In August 2018, the Adam Smith Center organized the inaugural IMAGINE Conference at Lifelong Learning Institute, with a focus on the Future of Entrepreneurship, Innovation and Progress. What set this conference apart was that it incorporated an economics and public policy lens to a theme that is usually explored through a purely commercial, business-based viewpoint.
As such, the conference not only featured local entrepreneurs – which it did – but also economists, political scientists and public policy experts who gave their unique perspectives on innovation trends around the world, its implications and even policy suggestions on what governments could do to increase economic growth and welfare.
Amongst the many leading experts we featured, we were pleased to have had Professor Razeen Sally from the Lee Kuan Yew School of Public Policy as our keynote speaker on the second day. Also an advisory board member of the Adam Smith Center, he spoke on the topic of “Future of Economic Growth in Asia”. He argued that governments need to go further in their market-based reforms in order to sustain growth for the 21st century.
We also had speakers from overseas as well. One of the highlights of the conference was Professor Randall Holcombe, who is the DeVoe Moore Professor of Economics at Florida State University, and who also previously served on Florida Governor Jeb Bush’s Council of Economic Advisors from 2000 to 2006, and is past president of the Public Choice Society and the Society for the Development of Austrian Economics.
Prof Holcombe spoke first on the topic of market failure and debunked common fallacies concerning it, arguing that market imperfections were simply profit opportunities for entrepreneurs to discover solutions and new technologies. Simply put, “market failure” is not a death sentence that inevitably necessitates government intervention. Entrepreneurs step in to plug gaps in the market. This would imply the need for government to maintain a pro-competitive, conducive environment for entrepreneurship to flourish.
On the second day, Prof Holcombe was also on the panel titled “Public Policy for the Future Economy”, where he explored the role of government in promoting economic growth. Here, he drew on concepts from public choice theory and Austrian economics, to argue that governments are limited in picking winners and losers, and even predicting growth industries of the future. Owing to the sheer complexity of the task, government would do best by allowing the private sector to innovate solutions on its own.
One may easily think that this conference was a boring academic event featuring policy wonks and economists. But the Adam Smith Center believes that these intellectual ideas can be, and very much should be, made exciting and interesting for the ordinary lay person. After all, ideas have a powerful impact on society and politics, and we are after all in the business of spreading good ideas.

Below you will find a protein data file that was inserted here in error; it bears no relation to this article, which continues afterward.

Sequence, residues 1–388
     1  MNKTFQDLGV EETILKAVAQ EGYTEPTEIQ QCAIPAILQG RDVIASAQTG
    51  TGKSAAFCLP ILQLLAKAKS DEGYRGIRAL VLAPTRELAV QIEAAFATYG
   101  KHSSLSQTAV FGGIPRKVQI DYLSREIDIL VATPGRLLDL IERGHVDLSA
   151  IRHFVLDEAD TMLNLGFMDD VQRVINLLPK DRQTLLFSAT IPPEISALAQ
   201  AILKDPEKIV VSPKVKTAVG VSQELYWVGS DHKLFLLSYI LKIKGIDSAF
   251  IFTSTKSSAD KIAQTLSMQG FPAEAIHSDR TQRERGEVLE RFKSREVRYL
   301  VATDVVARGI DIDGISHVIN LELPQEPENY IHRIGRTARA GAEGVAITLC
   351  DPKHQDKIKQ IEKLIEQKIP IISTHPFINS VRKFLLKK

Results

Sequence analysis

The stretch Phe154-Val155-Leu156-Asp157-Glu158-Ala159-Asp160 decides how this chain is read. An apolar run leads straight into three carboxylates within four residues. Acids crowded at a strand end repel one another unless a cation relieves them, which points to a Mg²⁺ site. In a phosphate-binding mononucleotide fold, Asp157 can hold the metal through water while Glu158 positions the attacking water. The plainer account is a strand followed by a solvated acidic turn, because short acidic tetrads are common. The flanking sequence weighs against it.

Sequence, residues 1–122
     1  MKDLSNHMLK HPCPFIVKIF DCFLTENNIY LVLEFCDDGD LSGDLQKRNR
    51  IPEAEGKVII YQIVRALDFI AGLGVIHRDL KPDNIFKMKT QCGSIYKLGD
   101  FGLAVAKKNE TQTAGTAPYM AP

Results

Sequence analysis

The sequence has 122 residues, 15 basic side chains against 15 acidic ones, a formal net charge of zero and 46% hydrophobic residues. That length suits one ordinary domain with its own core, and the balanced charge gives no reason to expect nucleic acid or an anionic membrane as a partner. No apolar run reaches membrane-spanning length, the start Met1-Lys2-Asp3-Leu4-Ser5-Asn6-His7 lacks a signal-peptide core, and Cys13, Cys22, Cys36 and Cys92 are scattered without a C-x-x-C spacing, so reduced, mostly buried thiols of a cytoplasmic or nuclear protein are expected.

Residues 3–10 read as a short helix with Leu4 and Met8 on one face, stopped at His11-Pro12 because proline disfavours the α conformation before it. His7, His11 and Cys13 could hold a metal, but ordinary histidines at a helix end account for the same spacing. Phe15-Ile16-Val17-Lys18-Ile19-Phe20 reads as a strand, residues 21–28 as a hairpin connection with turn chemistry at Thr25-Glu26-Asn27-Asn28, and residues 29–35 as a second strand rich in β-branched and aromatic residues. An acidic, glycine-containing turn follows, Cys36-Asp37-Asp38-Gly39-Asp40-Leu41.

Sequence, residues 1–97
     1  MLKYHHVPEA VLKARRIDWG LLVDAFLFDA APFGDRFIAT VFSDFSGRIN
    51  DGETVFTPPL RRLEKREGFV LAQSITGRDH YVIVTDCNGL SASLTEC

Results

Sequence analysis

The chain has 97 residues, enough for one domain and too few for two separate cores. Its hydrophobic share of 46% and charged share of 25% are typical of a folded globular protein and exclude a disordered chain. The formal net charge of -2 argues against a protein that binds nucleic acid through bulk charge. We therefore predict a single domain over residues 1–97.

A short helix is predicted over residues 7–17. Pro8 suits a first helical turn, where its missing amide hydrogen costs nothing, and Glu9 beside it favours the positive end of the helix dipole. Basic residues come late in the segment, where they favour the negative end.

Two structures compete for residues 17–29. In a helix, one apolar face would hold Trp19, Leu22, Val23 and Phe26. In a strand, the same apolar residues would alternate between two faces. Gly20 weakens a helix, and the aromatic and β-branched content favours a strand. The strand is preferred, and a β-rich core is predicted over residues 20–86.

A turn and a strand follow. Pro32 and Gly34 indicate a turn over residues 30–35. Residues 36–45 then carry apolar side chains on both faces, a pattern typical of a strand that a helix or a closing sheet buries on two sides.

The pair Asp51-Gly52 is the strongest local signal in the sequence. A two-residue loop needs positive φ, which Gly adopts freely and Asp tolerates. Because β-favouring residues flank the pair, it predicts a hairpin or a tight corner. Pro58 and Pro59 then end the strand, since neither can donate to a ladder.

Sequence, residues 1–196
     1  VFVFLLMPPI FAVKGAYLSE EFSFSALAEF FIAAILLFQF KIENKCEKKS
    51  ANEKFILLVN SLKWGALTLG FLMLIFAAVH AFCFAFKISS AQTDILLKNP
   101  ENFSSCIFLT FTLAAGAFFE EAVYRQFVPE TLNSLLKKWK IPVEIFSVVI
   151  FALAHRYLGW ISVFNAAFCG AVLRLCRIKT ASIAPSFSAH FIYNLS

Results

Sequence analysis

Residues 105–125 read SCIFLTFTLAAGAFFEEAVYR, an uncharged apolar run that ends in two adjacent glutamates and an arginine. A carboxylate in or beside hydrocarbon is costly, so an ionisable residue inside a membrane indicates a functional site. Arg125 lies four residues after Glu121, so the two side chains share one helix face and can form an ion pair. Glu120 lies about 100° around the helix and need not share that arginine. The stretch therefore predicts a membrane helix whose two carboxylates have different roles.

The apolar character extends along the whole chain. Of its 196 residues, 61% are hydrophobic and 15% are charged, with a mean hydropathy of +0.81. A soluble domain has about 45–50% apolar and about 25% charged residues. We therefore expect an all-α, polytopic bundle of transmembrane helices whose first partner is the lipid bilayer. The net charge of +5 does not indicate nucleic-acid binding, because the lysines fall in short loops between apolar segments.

This is why our conference also explored interesting topics seldom found in other events. For example, on the second day, we ran a panel on the future of healthcare where we explored the ethics of organ trading. Featuring medical doctor Kyle Varner and economist Ken Schoolland, we debated how and whether the legalisation of kidney sales would help tackle the worldwide organ shortage that is even now killing patients on the waiting list.
The Adam Smith Center believes in the important intellectual legacy left behind by the political economist Adam Smith in the 18th century, and its relevance for ordinary people today. This is why we specifically explored the topic of “Future of Developing World”, where we invited thought leaders from overseas NGOs to share about how free market reforms are helping lift ordinary people out of poverty. Mr Barun Mitra from India shared about how property rights in land were empowering local villagers, Mr Rainer Heufers from Indonesia spoke about low cost private schools providing educational access, and Ms Li Schoolland shared a powerful story about living under Maoist Communism.
We are also very thankful to all our guest speakers, partners and sponsors for making this event a success. First, we want to make a special mention to Mr Andrew Bryant, bestselling author of “Self-Leadership”, and executive coach, who gave his keynote address on Day One on how “Self-Leadership” is necessary for social progress. Here, he reinforced the importance of thinking for oneself and owning one’s thoughts in order to not be framed by others.
Supporting organisations included Tabula Rasa, our event partner, Students for Liberty – Singapore, Singapore Human Resources Institute, EDGE Society, Bitcoin.com, and many others. We thank you for making this event a success and we very much hope to collaborate with you again.
We also want to thank the many students who attended our conference. The Adam Smith Center exists to provide educational programs and activities that will build a new generation of free market humanitarians in society, and is pleased to have interacted with the JC and university students who were in attendance. Special mention to the NUS Political Science Department for sending its students to this event.